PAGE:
Hollywood props, costumes, cosmetics, dreams … at three new museums Essay

Hollywood props, costumes, cosmetics, dreams . . . at three new

The stuff of dreams has been Hollywood’s major product for
many years, and three new museums show how this glamorous entertainment
factory delivers its goods. On a Thursday or Friday, when all three are
open, you can combine them in a half-day outing with a picnic.

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Start at the Hollywood Museum to see original props and costumes
from Hollywood’s classic films. Then take a three-block walk east,
past Hollywood Boulevard attractions like C.C. Brown’s ice cream
parlor and Mann’s Chinese Theatre, to the Max Factor Museum;
innovative cosmetics shown here kept pace with rapidly changing film
technology to keep film stars looking their best. For your last stop,
you could drive to the Hollywood Bowl Museum, where you can picnic in
the seats of the famous amphitheater or on a scenic overlook.

Hollywood Museum, 7051 Hollywood Boulevard. On display in the
lofty exhibit space are hundreds of artifacts and costumes representing
film history from silent flicks to space-age fantasies.

Original costumes (some by designers Omar Kiam and Edith Head)
include Judy Garland’s dress from The Wizard of Oz, Joan
Crawford’s dazzling crystalbead dress from The Bride Wore Red, and
Sylvester Stallone’s boxing shorts from Rocky. Famous photographs
from the 1930s bring you within close-up distance of Carole
Lombard’s sensuous lips, Gary Cooper’s sophisticated grin, and
Bette Davis’ uplifted gaze.

Macabre horror-film posters line the walls of a smaller gallery
haunted by grotesque heads, clawed hands, and an open casket from Love
At First Bite–a satirical version of the Dracula legend. You’ll
also see streamlined ray guns from 1950s science-fiction films and a
spear gun used to battle the monster in The Creature from the Black

A third room houses a glittering Oscar and several painted
backgrounds, including a dusky New York City rooftop from West Side

Hours are 10 to 7 Sundays, Mondays, and Thursdays, 10 to 10 Fridays
and Saturdays. Admission costs $4.50 for adults, $3 for seniors, $2.50
for children. Metered parking and all-day lots are nearby.

Max Factor Museum, 1666 N. Highland Avenue. In Czarist Russia, Max
Factor was a make-up man for the Royal Ballet; in Hollywood, he created
the first cosmetics specifically designed for the film used in motion
pictures and, later, television. His elegant 1935 salon is now a
museum, its walls lined with photographs of his clients.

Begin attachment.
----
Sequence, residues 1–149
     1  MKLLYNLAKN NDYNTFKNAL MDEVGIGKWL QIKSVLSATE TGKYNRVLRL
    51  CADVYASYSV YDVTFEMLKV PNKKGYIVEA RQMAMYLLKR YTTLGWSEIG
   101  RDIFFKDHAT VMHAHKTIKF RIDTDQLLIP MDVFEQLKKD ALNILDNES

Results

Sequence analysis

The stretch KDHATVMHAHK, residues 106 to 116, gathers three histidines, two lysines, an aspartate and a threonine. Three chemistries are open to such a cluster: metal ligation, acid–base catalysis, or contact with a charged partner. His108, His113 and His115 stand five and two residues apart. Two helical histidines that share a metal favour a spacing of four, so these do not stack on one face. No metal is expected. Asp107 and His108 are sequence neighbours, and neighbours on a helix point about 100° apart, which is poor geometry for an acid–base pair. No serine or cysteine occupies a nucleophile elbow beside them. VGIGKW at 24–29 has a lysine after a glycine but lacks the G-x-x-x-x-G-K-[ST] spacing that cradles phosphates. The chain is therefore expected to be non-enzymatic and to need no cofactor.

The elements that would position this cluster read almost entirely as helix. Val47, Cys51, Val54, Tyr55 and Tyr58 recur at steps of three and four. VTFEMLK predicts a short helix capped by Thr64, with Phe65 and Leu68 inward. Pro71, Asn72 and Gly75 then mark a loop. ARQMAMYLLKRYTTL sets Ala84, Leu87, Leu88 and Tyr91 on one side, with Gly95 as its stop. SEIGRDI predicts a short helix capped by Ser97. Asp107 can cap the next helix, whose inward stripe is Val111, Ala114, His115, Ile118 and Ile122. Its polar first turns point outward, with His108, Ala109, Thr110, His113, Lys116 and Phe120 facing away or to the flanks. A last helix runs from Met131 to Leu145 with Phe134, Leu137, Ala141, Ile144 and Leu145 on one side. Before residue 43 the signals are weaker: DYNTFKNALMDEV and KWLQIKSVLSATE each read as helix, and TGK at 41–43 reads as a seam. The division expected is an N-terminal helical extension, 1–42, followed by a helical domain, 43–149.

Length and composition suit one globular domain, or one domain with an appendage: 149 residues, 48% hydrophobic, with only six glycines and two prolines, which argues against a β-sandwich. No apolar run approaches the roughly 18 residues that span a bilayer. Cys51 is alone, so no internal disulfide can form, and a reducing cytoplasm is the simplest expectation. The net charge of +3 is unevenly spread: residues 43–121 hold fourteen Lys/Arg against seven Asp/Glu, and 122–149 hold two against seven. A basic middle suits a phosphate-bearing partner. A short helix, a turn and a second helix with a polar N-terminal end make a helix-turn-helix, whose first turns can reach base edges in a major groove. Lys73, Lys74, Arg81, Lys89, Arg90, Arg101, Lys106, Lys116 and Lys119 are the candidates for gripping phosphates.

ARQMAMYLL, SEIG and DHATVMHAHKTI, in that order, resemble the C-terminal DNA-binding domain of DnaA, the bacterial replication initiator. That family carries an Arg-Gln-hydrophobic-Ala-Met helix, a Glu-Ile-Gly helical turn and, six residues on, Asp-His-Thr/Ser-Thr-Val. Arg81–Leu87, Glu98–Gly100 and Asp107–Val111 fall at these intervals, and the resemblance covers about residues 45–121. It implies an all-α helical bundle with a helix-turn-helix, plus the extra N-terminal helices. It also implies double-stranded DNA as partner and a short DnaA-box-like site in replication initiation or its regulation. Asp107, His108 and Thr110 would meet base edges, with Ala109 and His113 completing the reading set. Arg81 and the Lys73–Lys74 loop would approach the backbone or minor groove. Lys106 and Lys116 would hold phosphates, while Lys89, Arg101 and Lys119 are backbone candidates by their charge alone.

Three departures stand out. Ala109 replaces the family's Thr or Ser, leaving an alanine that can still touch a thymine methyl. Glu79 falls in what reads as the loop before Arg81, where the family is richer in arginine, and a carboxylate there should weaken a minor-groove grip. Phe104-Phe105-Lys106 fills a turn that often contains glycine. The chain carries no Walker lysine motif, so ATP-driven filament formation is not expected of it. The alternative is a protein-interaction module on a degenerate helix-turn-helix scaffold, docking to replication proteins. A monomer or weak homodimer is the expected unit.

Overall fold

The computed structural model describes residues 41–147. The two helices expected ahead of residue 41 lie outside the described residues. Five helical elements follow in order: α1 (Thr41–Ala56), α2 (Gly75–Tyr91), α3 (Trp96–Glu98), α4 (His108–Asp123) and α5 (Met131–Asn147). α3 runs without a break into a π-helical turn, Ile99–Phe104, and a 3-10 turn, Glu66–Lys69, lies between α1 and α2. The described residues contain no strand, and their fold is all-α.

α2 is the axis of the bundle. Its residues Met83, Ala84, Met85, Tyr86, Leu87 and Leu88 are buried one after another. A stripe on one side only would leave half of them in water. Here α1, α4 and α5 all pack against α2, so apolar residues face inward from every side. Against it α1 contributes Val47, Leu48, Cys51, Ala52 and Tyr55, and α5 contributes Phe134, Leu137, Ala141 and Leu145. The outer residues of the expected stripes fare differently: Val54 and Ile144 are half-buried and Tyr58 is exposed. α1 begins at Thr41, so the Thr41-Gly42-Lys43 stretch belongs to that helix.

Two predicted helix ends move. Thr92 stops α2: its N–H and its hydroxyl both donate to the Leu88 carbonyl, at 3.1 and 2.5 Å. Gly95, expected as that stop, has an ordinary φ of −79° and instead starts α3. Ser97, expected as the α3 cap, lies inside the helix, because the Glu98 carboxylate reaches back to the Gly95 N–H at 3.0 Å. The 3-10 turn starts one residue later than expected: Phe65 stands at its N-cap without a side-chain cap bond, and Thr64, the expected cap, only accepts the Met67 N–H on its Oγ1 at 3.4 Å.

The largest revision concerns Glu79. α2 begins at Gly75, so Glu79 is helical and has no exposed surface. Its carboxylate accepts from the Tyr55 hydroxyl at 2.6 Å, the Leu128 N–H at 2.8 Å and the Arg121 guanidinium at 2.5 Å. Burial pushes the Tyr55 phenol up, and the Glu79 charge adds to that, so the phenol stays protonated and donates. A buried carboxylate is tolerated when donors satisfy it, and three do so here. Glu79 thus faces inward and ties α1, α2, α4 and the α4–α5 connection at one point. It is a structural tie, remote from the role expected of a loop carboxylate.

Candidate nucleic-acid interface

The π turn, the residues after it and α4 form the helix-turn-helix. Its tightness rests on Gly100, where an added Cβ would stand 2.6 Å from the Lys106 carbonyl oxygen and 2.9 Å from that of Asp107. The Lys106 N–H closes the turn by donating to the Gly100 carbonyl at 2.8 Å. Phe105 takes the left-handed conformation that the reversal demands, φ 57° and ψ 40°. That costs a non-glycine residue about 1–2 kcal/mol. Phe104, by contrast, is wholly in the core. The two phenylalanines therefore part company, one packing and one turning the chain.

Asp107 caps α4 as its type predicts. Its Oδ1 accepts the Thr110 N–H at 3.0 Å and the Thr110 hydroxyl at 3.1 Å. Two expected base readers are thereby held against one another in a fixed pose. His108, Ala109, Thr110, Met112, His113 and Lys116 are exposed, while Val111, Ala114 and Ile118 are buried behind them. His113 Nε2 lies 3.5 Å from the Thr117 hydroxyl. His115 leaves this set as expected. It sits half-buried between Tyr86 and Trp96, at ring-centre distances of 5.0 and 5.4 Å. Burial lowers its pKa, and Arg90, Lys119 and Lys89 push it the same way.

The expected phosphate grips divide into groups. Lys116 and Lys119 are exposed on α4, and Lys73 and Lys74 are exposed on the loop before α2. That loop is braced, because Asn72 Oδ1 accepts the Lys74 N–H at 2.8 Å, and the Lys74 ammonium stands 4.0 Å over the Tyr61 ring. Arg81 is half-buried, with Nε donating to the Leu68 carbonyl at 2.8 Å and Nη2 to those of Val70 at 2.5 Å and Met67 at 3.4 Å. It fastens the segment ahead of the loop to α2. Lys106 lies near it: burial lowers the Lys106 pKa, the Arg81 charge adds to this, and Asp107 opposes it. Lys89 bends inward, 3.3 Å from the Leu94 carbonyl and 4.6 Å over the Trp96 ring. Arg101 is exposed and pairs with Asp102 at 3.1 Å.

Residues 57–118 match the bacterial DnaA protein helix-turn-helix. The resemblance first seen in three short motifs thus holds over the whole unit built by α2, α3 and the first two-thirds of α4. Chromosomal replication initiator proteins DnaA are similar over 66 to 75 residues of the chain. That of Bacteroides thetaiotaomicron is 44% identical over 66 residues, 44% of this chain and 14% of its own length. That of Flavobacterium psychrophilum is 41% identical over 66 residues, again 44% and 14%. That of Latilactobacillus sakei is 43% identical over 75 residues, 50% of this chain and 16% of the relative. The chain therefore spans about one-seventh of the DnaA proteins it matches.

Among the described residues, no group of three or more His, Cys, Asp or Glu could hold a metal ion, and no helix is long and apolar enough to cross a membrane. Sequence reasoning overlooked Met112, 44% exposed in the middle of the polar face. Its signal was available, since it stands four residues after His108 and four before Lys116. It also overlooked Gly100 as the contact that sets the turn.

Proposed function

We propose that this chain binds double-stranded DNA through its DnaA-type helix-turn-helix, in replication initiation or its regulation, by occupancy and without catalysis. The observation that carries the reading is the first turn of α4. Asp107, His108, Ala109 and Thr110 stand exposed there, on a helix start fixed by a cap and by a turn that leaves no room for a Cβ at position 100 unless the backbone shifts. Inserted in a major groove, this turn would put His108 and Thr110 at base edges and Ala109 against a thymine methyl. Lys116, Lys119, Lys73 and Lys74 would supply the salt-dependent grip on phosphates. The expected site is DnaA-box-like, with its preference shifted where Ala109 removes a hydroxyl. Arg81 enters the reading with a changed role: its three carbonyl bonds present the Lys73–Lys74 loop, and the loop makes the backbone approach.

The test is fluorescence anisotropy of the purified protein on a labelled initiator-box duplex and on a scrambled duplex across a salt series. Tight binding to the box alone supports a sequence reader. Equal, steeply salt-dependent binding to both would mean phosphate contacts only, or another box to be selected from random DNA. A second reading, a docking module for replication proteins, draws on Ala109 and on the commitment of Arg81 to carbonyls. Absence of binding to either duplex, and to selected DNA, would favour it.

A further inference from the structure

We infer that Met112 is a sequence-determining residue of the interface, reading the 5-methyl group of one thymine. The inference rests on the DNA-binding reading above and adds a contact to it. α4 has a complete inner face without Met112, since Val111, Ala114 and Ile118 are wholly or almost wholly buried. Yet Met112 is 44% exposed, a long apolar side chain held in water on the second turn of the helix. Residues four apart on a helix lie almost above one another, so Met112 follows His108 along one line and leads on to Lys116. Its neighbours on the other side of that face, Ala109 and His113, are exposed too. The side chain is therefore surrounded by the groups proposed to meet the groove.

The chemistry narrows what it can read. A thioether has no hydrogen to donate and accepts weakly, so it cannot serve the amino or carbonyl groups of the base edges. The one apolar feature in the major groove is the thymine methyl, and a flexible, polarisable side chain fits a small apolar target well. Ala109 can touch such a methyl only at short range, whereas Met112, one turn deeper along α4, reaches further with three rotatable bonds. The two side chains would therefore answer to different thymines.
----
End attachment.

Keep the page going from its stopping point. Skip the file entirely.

On display are Max Factor “firsts’: an early pair of
false eyelashes (invented 1910), “sanitary’ tube grease paint
(1922), and television’s “pancake’ makeup (1932), as well
as wig blocks for Frank Sinatra, Jimmy Stewart, Gene Kelly, and other
stars. Hundreds of his clients’ signatures cover a scroll dating
to the salon’s opening celebration in 1935.

The museum (free) is open 9 to 5 Monday through Friday.
There’s a parking lot.

Hollywood Bowl Museum, 2301 N. Highland Avenue. In 1920, the
Hollywood Bowl was a grassy slope called Daisy Dell, overlooking an
acoustically perfect canyon. Today, it’s a 17,000-seat musical
mecca–summer home of the Los Angeles Philharmonic. The museum is open
(free) all year; off-season hours are 10 to 5 Wednesdays through
Sundays. Bowl grounds are also open for picnicking.

The museum illuminates the bowl’s colorful 62-year history
with photographs from Hollywood’s early days, architectural models,
costume re-creations, and a 21-minute video. In a listening room
equipped with headphones, you can hear famous Bowl concerts, including
pianist Artur Rubinstein playing Mendelssohn, Beethoven, and
Tchaikovsky. A small gift shop offers books, post cards, posters, and
records. There’s free parking.

In spring, the museum will offer a guided
“behind-the-scenes’ tour, plus lectures and educational
programs related to music. Call (213) 850-2059 for details.

Photo: Two tough guys mirror poses as visitor checks out teen star
Matt Dillon’s costume from The Outsiders

Photo: Pop-eyed space creature was used in the filming of Close
Encounters of the Third Kind

Photo: Pancake make-up (left), invented for TV by Max Factor and
here shown on young Lucille Ball, is on display at his art deco salon

Photo: Acoustic shell designed for Hollywood Bowl in 1927 by Lloyd
Wright is replicated as museum model today


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